Monday, January 5, 2009
A year of promise hangs from a thumbtack
(First appeared in Orlando Sentinel January 5, 2009)
The first week in January is such a hopeful time. With the tossing aside of last year’s calendar we throw away unfulfilled dreams, broken promises and unmet goals. A new calendar is tacked to the wall and with it comes a year of blank pages. An empty grid of potential, promise and possibilities is ready to be either crossed off with X’s or filled in with memories.
As an unabashed optimist, I could never mark a calendar with giant black X’s. I’d feel as if I was wishing away time. That’s far too negative an approach for my positive mindset.
Just as unlikely would be to leave the pages blank, reflecting no record at all of the passing days. To me, that would seem too passive, as if I didn’t care what happened. On my calendars, the rectangular boxes become repositories of pertinent notes. They track appointments, record accomplishments, mark celebrations and memorialize moments I hope never to forget.
With the previous year’s calendar spread on the table before me, I can be a time traveler, reveling in the past, reflecting on what was. Memories return with the flipping of a page. Last January was filled with notations about exercise — how many miles I walked, which days I rowed, how frequently (or not) I bounced on the trampoline.
Like most people, I entered 2008 filled with resolve to get back in shape and quickly found that recording my accomplishments motivated me to continue. Had I not kept a daily record within sight of anyone who chose to look, my determination to exercise might have diminished. Instead, it grew with each passing month as I competed with myself to tally on the calendar more and more accomplishments, more and more miles.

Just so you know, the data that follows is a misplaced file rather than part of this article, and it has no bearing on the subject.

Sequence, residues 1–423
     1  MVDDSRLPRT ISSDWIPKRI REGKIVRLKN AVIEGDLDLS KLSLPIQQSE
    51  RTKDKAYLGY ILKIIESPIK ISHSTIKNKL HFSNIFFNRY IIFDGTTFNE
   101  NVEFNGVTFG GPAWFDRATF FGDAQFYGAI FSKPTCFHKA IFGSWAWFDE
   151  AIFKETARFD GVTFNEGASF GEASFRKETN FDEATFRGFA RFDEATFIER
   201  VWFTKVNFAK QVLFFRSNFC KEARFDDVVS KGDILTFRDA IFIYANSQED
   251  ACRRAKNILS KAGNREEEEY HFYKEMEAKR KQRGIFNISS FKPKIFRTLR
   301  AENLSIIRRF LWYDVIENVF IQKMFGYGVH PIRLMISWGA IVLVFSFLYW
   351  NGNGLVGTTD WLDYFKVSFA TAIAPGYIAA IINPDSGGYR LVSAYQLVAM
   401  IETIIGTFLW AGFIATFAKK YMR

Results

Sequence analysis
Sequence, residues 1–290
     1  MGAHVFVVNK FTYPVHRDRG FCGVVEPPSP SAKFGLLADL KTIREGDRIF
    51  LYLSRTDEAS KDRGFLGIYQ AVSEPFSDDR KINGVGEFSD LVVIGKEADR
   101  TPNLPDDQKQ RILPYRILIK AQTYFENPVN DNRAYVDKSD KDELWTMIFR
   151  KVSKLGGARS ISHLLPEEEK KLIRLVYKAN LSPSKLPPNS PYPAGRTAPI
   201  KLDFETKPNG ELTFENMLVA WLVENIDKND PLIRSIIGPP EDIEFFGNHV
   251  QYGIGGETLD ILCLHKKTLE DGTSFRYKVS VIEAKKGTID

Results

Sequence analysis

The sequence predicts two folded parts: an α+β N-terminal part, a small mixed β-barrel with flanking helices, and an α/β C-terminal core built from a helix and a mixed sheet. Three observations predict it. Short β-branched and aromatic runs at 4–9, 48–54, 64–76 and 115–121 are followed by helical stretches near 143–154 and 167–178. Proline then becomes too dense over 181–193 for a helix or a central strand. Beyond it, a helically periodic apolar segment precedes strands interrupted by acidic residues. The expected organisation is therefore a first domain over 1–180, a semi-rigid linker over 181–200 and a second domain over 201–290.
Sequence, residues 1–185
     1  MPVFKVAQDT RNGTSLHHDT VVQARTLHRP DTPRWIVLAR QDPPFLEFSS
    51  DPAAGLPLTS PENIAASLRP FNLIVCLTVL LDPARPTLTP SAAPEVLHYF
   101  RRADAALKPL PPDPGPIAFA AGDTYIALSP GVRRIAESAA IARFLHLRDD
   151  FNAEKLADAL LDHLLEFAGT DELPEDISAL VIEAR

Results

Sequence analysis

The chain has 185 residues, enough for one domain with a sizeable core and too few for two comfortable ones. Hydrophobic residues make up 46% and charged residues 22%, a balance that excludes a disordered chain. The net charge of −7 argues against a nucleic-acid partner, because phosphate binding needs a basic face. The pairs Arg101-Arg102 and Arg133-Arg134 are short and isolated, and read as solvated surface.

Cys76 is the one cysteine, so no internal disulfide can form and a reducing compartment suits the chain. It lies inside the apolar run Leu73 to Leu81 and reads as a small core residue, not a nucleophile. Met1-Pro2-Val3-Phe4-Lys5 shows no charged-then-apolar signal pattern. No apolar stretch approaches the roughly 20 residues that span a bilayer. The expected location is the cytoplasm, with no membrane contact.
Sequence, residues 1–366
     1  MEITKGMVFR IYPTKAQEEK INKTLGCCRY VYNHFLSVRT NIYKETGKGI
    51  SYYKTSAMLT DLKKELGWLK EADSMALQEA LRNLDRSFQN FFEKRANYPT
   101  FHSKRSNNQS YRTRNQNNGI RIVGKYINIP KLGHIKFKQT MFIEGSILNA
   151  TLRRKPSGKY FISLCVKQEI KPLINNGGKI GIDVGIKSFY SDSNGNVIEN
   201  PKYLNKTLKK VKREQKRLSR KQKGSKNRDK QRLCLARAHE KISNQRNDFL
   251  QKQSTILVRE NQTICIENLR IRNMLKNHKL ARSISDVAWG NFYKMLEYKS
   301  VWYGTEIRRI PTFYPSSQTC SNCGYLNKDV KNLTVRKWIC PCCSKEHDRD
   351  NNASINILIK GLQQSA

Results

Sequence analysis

Although exercise routines are consistently noted, athletic activities are not all I listed. In February, I marked down when we picked loquats and wrote in March when mulberries began to ripen. My first plunge into the lake’s cool water was on March 15 and just seeing that day on the calendar brings back the shivers. In April, we installed a solar hot water heater and then proceeded to fret as clouds blocked the sun for most of the month. Fortunately, by May, the sun had reappeared and we could finally enjoy steaming hot showers without relying on fossil fuels. May also was blueberry-picking month and the time when I played in my first Scrabble tournament.
In summer, I must have been too busy with work to do much notating and by the time autumn arrived, my diligent recording had begun to dwindle. A few exceptions included the day my oldest daughter announced she was pregnant with our first grandchild and the day our second daughter called from Massachusetts to announce her engagement. I also made note of when we saw certain wildlife on the property — the day a bobcat appeared, when a coyote wandered by, the first time an osprey claimed a bamboo pole in the lake as its roost.
I recently tacked a 2009 calendar up on the wall. The lines of my green felt-tipped pen have not yet touched its pristine pages. As I stand in the kitchen quietly flipping through the months, I can’t help but wonder what the New Year will bring. What markings will eventually fill in each square? Which events will I deem worthy of reporting or feel eager to record?
On my kitchen wall, a year of potential is dangling precariously from a thumbtack. You might also have a new calendar hanging on your wall. If you do, I hope it’s soon filled as I intend mine to be, with memories and treasures no matter how small and with the simple pleasures of everyday life.